I have recently purchased a facsimile copy of Reginald Scott’s The Discoverie of Witchcraft (originally published in 1584). This is an important book in the history of Western civilisation as it is the first ever book in which methods for creating magic are explained. This might seem an overstatement, as magic is nowadays a trivialised from of theatre which barely has any influence on the way we think.
Scott’s book is important because it was the first time somebody openly challenged the belief in witchcraft and supernatural powers by exposing conjuring methods. The book contains some interesting magic; there are pictures of trick knives that make it seem like you are cutting your nose or finger. The picture on the left shows a contraption used to create the illusion of somebody’s head being severed. There is also a description of a Magic Colouring Book, which is still used in children’s magic shows and many other tricks still performed by contemporary magicians.
The book was published in the Renaissance, a period which heralded Western culture as we know it today. Although many people see the renaissance as a period where Europe emerged from the Dark Ages, some do not see this as a positive development. Dutch historian Johan Huizinga, for example, questioned whether the renaissance was a positive change and argued that it was a period of decline from the High Middle Ages, destroying much that was important.
One of the important cultural phenomena that was destroyed was the sense of magic commonplace in humanity. The Discoverie of Witchcraft illustrates helped this development by dispelling magic as tricks. It might seem strange for an engineer/philosopher like myself to argue that dispelling a belief in magic would not be a good thing. Magic is, however, more than a simplistic belief in supernatural forces that control our lives.
Magicians have been part of human civilisation for as long as there are records—and possibly as long as human culture exists. There are many anthropological accounts of medicine men and shamans using conjuring skills as part of their healing and rituals. Most magic history books interpret this use of sleight of hand as an attempt by the shaman to obtain power mischievously. But there is much more to magic than one person gaining power over others. Magic is a means to understand our position in nature. Although some might argue that magic has been wiped from contemporary culture, it has never actually disappeared from our psyche.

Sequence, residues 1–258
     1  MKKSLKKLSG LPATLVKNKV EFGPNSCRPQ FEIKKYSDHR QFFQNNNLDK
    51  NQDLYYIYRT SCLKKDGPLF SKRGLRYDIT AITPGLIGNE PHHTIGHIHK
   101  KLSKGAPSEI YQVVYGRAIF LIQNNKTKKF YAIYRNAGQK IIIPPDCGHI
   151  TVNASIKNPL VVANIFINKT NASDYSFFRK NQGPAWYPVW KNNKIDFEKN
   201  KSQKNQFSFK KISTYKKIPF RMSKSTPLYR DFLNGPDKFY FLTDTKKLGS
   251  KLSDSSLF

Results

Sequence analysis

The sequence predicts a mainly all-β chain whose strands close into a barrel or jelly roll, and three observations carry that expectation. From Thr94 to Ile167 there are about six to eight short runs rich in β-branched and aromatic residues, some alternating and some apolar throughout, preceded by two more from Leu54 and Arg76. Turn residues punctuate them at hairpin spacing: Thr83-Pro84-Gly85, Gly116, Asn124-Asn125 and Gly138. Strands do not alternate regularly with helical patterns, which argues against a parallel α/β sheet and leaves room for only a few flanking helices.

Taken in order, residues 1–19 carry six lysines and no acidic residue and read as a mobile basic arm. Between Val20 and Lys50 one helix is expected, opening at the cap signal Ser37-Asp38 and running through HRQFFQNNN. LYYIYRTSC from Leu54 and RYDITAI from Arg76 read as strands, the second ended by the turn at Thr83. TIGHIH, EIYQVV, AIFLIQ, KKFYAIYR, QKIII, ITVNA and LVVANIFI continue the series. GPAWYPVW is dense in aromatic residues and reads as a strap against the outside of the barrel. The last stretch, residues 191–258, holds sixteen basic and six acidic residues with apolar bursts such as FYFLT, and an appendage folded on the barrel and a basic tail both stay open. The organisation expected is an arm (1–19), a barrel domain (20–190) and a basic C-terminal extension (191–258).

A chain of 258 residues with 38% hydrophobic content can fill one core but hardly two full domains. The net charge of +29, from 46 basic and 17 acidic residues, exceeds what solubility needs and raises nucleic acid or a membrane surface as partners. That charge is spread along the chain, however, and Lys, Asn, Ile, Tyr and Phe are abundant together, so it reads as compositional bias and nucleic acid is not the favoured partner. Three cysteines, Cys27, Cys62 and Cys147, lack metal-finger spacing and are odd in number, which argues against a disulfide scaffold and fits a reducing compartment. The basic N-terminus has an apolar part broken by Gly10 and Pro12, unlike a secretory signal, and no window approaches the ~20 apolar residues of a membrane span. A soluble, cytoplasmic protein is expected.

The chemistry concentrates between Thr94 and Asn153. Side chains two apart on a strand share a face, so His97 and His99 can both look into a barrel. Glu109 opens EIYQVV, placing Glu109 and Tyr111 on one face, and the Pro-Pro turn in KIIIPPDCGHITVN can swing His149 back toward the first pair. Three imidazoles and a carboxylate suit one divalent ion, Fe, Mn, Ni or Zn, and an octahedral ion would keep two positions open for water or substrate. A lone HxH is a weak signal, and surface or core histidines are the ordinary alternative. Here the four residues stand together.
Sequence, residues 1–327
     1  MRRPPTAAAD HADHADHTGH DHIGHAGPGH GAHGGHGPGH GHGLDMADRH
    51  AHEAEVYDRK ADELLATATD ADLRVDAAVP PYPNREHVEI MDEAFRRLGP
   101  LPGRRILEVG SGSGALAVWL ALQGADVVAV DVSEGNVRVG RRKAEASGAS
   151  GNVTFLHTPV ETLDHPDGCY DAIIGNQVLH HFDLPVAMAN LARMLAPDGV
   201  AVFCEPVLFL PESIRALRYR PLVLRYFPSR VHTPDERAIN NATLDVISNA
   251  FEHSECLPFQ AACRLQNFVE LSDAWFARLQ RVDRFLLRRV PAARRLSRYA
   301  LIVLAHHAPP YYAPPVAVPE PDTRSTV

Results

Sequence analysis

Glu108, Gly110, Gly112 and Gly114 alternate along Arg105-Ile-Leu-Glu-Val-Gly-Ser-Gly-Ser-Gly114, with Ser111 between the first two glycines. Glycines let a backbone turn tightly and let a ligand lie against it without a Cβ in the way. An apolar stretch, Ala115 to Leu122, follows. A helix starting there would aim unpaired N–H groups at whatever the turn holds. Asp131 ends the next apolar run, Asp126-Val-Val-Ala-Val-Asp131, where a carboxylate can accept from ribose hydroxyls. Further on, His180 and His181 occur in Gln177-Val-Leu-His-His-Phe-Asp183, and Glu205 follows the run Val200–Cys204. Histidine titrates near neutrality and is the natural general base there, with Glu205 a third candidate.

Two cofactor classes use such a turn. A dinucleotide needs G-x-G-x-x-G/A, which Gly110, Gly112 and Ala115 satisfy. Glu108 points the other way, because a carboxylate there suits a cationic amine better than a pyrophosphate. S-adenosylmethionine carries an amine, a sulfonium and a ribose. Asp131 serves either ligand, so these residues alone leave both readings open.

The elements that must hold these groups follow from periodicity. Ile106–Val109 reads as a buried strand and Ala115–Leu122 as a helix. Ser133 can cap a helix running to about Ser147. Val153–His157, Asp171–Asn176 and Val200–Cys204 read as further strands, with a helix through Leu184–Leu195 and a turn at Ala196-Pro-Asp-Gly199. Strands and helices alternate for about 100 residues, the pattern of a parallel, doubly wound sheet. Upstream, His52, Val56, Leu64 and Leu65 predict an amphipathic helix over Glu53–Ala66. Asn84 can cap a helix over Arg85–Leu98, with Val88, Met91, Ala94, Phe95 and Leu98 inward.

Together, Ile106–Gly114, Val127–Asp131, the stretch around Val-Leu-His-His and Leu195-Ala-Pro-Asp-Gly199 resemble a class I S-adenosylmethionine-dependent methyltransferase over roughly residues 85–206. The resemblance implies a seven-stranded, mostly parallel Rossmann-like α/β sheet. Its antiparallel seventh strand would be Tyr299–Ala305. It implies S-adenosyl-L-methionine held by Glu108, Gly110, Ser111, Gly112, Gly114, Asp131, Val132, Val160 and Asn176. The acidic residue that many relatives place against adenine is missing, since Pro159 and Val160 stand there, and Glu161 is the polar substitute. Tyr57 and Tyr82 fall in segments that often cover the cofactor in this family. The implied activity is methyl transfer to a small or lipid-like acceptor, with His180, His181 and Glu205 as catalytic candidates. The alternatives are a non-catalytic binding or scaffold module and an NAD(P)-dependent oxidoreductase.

Simple acts, such as writing your name on a wall are in fact magical. To some this is a simple act of vandalism, but that is not the real motivation for people to do this. Writing your name on a wall makes the wall becomes an extension of yourself and you become part of the wall. It is a way to exert our self onto the world. This is I think the deeper psychological reason for the popularity of tagging. Tagging is a way to impart part of your self onto the environment in which you live. This is in essence an act of magic because it is a way to connect the inner world (psychology) with physical reality. There is no rational reason to write your name on a wall
There are many more examples of non-rational behaviour; why do we prefer one brand over another? Why we choose one political party or football team over another? When analysing motivations in every day choices we see that people often cross the horizon of reason and this is the realm of magical thinking. Magic, as a psychological force, is still alive and kicking in a hyper-modern world.
Read more about the future of magic in my book Perspectives on Magic.